The specialist edtech platform, myphizz has joined forces with Bishop Hedley High School in Merthyr Tydfil, Wales as the first stage of a planned rollout across the country.
myphizz, which launched in September 2021, is an app built for schools to engage pupils in an active curriculum.
Using a live leaderboard, children have the ability to set ‘phizz’ challenges in their classrooms or at home, comparing results across their school, as well as nationally.
A spokesman said: “Physical activity among pupils fell dramatically during the pandemic, with more than 31% of children undertaking less than 30 minutes of exercise a day; this is a huge contrast to Ofsted’s recommendations that pupils should engage in exercise for an average of at least 60 minutes per day across the week.”
Adrian Davies, a teacher at Bishop Hedley High School, who is leading the introduction of myphizz commented: “After spending almost two years in a home learning environment, many of our pupils increased the time they spent being static and we wanted to find a new way to get them moving.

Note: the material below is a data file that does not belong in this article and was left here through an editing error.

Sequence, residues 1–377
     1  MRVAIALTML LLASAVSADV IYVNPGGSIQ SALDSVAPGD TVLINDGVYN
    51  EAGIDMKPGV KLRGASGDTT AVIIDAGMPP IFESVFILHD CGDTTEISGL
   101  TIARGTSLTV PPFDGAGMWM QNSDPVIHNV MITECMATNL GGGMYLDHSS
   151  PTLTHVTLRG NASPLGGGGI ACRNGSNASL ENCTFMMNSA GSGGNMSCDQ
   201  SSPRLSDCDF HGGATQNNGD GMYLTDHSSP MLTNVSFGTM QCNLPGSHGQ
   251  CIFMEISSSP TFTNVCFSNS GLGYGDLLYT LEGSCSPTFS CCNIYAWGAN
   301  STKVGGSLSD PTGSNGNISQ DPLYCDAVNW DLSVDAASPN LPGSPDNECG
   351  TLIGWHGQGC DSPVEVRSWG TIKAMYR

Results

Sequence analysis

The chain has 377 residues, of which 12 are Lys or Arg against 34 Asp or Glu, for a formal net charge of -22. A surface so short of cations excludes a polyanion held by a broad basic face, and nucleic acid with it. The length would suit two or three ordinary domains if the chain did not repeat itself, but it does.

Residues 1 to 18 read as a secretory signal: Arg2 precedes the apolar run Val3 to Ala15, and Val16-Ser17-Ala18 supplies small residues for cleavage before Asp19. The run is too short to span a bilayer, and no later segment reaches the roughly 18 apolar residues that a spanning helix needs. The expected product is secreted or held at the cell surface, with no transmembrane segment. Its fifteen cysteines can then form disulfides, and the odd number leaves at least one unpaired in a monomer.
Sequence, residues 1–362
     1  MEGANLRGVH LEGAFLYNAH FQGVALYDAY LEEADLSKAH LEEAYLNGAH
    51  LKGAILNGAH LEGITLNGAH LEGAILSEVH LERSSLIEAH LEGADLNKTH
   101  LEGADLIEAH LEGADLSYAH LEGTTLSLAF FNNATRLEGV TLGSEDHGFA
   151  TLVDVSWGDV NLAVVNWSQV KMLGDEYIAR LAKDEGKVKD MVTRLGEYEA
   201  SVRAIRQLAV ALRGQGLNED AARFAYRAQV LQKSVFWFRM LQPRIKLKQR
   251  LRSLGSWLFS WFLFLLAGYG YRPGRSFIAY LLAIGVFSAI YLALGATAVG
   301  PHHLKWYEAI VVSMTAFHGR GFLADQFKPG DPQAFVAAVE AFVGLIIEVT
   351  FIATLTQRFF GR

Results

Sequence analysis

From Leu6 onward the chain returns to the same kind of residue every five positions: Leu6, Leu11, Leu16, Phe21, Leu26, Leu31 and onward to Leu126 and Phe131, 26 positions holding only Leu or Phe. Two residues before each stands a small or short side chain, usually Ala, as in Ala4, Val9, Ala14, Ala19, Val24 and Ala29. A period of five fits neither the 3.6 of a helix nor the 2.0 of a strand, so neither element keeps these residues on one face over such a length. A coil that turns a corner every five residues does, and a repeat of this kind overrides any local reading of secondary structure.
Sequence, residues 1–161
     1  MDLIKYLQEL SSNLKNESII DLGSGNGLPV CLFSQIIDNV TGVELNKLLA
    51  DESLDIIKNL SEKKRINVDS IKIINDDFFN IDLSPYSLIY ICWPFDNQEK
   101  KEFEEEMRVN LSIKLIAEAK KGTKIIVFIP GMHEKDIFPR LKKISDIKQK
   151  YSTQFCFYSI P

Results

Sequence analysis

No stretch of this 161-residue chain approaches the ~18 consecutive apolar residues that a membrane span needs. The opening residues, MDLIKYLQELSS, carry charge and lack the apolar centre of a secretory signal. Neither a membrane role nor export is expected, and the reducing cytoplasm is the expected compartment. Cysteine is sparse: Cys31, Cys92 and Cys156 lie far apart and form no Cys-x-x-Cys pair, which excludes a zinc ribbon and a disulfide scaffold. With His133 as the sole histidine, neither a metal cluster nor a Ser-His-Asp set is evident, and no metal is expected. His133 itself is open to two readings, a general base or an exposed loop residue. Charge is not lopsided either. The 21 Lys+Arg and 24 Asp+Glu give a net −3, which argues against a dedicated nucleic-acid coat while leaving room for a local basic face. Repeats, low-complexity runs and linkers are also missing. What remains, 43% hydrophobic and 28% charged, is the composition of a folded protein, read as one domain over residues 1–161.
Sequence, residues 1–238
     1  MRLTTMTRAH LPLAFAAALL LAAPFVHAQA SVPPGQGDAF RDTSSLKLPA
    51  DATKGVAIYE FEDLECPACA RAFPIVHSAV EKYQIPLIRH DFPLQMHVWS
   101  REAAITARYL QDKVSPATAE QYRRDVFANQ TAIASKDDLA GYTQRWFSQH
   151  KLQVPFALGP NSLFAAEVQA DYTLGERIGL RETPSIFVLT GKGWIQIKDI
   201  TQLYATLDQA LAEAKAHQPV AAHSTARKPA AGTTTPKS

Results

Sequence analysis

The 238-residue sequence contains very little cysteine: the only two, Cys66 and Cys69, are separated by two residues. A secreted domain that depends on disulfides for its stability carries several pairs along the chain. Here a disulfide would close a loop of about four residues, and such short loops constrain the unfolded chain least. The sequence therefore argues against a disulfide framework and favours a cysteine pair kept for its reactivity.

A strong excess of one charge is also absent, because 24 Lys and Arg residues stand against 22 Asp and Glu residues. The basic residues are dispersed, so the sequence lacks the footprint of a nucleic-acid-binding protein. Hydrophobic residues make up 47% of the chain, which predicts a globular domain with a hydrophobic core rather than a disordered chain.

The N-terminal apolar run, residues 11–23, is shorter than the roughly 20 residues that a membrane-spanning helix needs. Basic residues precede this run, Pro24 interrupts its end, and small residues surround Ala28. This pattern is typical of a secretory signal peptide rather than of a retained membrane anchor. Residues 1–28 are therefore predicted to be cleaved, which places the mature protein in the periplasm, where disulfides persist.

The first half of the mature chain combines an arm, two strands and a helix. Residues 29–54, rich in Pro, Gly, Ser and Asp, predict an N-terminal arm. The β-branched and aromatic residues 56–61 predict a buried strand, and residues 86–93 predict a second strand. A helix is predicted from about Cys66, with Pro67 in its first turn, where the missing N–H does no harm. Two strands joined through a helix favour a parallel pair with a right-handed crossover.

“In secondary schools we need to be innovative to encourage pupils to engage and take part in group challenges. As myphizz is accessed directly from a PC or device, it has proved to be a great tactic to drive engagement with PE via a channel they are comfortable with.
“We have already seen pupils engaging with ‘phizzes’ which are fitness challenges set from the app and have even noticed pupils starting to set their own challenges. Young people are very competitive, especially with teachers, and having phizzes set by teachers is a great way to get pupils motivated to exercise.”
Anthony McBride, co-founder of myphizz, said: “By drawing on the expertise of schools, myphizz has been built to give pupils control over their own physical activity, whilst contributing towards the national curriculum’s physical education objectives. We’re absolutely thrilled that Bishop Hedley is seeing the benefits first hand of myphizz. myphizz provides a way for schools to continue communicating and engaging pupils in exercise whilst not in a school setting.”